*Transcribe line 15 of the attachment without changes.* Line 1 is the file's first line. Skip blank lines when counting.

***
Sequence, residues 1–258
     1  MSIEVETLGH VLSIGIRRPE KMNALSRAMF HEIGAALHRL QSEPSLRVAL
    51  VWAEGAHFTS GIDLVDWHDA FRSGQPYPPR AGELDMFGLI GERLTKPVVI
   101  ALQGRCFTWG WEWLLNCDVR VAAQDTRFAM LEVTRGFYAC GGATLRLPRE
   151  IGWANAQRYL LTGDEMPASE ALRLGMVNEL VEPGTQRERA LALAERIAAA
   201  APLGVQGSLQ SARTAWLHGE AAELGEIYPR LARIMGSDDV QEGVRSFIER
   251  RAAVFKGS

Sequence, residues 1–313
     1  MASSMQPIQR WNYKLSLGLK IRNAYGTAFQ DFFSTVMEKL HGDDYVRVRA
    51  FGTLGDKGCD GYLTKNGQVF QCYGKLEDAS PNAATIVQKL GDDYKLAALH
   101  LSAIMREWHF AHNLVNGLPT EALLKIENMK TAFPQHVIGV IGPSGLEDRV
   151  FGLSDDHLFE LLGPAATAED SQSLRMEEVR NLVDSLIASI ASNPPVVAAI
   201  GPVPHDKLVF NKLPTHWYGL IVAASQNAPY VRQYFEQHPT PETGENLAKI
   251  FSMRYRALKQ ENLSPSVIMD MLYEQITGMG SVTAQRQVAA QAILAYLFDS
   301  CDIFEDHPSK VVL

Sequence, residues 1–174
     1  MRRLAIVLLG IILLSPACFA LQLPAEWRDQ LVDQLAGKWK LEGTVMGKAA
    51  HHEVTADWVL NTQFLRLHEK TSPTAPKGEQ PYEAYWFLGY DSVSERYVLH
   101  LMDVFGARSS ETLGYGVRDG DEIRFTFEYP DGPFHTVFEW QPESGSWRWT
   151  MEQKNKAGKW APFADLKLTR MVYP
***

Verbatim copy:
   301  CDIFEDHPSK VVL